Lines Written Upon a Yew Tree by William Wordsworth

Updated: Dec 14, 2019




Great men can battle many things, jealousy, hate, scorn, dissolute tongues, but what about neglect? Can a great man or woman persevere in the face of utter lifelong neglect?


What would Einstein be like in old age, had no one taken his theory of relativity seriously? What about Dostoevsky's novels? Galileo famously was locked in a tower. At least he was not neglected!


Neglect it not scorn or hatred. It is to be ignored, unacknowledged, ghosted. This is something profoundly worse than fear or fury.


In this haunting poem, Wordsworth writes about a man he knew at Hawkshead school. The man was educated, a genius even. But something made him abscond from humanity. The only monument were some lines left upon a seat in a yew-tree which stands near the lake of Esthwaite on a desolate prt of the shore, yet commanding a beautiful prospect.



Lines left upon a seat in a yew-tree, which stands near the Lake of Esthwaite, on a desolate part of the shore, commanding a beautiful prospect.

by William Wordsworth



Nay, Traveller! rest. This lonely Yew-tree stands Far from all human dwelling: what if here No sparkling rivulet spread the verdant herb? What if the bee love not these barren boughs? Yet, if the wind breathe soft, the curling waves, That break against the shore, shall lull thy mind By one soft impulse saved from vacancy.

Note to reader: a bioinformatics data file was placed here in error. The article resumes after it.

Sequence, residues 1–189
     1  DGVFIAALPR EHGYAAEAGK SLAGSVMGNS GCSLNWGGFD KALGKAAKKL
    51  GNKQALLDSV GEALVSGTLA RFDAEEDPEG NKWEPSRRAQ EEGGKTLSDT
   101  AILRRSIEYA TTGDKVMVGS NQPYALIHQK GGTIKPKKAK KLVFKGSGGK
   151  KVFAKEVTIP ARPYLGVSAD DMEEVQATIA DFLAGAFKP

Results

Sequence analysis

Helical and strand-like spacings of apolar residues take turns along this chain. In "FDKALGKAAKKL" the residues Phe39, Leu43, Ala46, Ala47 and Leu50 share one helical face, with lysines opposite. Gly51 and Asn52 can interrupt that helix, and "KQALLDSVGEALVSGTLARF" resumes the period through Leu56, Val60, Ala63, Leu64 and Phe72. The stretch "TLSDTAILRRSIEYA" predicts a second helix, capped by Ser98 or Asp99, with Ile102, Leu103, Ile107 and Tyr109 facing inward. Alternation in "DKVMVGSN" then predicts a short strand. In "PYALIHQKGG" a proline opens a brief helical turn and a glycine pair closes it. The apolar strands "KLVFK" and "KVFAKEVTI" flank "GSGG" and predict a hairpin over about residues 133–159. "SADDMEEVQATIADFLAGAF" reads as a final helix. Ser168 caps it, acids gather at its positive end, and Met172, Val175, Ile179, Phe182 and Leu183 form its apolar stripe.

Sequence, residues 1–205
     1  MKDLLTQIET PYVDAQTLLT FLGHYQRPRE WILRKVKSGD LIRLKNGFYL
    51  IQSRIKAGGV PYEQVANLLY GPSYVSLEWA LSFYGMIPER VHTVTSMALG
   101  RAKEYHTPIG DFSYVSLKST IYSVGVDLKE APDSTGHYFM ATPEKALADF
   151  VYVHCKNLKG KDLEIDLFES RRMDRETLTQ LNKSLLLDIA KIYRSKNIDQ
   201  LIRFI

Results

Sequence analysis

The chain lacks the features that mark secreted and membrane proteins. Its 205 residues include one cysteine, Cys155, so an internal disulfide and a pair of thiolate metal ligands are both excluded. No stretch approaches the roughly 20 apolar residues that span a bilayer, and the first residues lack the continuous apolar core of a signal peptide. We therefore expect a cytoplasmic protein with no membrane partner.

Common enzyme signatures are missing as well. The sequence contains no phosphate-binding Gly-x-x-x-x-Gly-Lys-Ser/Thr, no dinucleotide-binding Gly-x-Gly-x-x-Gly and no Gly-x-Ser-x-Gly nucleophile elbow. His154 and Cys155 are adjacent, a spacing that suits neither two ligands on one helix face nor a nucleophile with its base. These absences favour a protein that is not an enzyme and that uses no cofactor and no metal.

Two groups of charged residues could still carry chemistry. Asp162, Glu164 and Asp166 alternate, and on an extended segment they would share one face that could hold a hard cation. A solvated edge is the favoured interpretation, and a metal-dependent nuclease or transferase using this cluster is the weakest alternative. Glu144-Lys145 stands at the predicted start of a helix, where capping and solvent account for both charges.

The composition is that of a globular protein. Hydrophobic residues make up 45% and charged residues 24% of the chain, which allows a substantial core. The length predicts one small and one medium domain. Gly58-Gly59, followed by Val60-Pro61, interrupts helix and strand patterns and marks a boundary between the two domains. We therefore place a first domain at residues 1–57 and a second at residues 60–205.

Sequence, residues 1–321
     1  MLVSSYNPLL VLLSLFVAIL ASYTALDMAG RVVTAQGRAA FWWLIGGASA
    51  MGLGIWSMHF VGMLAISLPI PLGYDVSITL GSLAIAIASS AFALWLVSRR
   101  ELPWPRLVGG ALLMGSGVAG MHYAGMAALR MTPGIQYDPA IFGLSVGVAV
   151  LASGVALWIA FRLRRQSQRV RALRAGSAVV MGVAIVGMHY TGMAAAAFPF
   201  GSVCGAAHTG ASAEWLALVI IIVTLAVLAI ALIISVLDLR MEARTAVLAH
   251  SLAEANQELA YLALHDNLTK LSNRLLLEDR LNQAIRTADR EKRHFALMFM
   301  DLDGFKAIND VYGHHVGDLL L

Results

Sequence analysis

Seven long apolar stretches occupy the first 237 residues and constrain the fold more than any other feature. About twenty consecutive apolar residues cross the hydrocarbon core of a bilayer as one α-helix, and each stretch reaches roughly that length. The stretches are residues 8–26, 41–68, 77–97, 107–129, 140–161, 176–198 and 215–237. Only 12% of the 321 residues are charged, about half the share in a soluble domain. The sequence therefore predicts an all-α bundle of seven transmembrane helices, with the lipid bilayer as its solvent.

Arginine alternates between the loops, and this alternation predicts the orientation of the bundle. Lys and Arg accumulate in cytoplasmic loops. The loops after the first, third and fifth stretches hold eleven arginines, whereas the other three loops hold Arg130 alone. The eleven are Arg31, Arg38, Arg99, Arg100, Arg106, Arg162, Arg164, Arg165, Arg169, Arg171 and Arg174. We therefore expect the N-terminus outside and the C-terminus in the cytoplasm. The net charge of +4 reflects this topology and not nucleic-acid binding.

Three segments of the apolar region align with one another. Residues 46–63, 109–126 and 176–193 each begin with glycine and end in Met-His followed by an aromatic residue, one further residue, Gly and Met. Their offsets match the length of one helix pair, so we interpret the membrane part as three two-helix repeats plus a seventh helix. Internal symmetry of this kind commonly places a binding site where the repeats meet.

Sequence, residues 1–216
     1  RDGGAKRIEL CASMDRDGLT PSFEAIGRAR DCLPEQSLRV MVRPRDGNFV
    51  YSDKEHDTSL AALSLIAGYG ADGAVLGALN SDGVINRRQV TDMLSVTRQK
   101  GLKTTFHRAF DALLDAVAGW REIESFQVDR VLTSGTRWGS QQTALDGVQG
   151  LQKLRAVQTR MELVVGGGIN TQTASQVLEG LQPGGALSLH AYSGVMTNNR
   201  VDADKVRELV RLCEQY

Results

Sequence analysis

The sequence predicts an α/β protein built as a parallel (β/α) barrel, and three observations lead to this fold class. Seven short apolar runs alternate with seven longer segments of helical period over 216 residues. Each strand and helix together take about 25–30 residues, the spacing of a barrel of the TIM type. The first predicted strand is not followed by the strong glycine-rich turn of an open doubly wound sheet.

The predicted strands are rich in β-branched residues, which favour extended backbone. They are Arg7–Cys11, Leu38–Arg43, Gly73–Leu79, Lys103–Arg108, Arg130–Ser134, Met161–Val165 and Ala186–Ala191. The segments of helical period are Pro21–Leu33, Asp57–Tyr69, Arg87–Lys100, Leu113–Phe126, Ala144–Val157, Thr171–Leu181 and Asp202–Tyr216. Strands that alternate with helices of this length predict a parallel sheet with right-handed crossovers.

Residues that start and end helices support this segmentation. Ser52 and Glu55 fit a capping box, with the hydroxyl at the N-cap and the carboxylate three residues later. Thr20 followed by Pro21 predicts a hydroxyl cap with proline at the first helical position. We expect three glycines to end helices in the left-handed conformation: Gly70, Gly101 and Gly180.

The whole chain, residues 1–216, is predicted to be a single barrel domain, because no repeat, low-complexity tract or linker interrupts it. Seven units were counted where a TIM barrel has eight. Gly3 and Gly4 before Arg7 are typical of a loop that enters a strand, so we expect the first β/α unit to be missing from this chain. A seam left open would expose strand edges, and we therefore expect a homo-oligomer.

-----------------Who he was That piled these stones and with the mossy sod First covered, and here taught this aged Tree With its dark arms to form a circling bower, I well remember. -- He was one who owned No common soul. In youth by science nursed, And led by nature into a wild scene Of lofty hopes, he to the world went forth A favored Being, knowing no desire Which genius did not hallow; 'gainst the taint Of dissolute tongues, and jealousy, and hate, And scorn, -- against all enemies prepared, All but neglect. The world, for so it thought, Owed him no service; wherefore he at once With indignation turned himself away, And with the food of pride sustained his soul In solitude. -- Stranger! these gloomy boughs Had charms for him; and here he loved to sit, His only visitants a straggling sheep, The stone-chat, or the glancing sand-piper: And on these barren rocks, with fern and heath, And juniper and thistle, sprinkled o'er, Fixing his downcast eye, he many an hour A morbid pleasure nourished, tracing here An emblem of his own unfruitful life: And, lifting up his head, he then would gaze On the more distant scene, -- how lovely 't is Thou seest, -- and he would gaze till it became Far lovelier, and his heart could not sustain The beauty, still more beauteous! Nor, that time, When nature had subdued him to herself, Would he forget those Beings to whose minds, Warm from the labors of benevolence, The world, and human life, appeared a scene Of kindred loveliness: then he would sigh, Inly disturbed, to think that others felt What he must never feel: and so, lost Man! On visionary views would fancy feed, Till his eye streamed with tears. In this deep vale He died, -- this seat his only monument.   If Thou be one whose heart the holy forms Of young imagination have kept pure, Stranger! henceforth be warned; and know that pride, Howe'er disguised in its own majesty, Is littleness; that he, who feels contempt For any living thing, hath faculties Which he has never used; that thought with him Is in its infancy. The man whose eye Is ever on himself doth look on one, The least of Nature's works, one who might move The wise man to that scorn which wisdom holds Unlawful, ever. O be wiser, Thou! Instructed that true knowledge leads to love; True dignity abides with him alone Who, in the silent hour of inward thought, Can still suspect, and still revere himself, In lowliness of heart.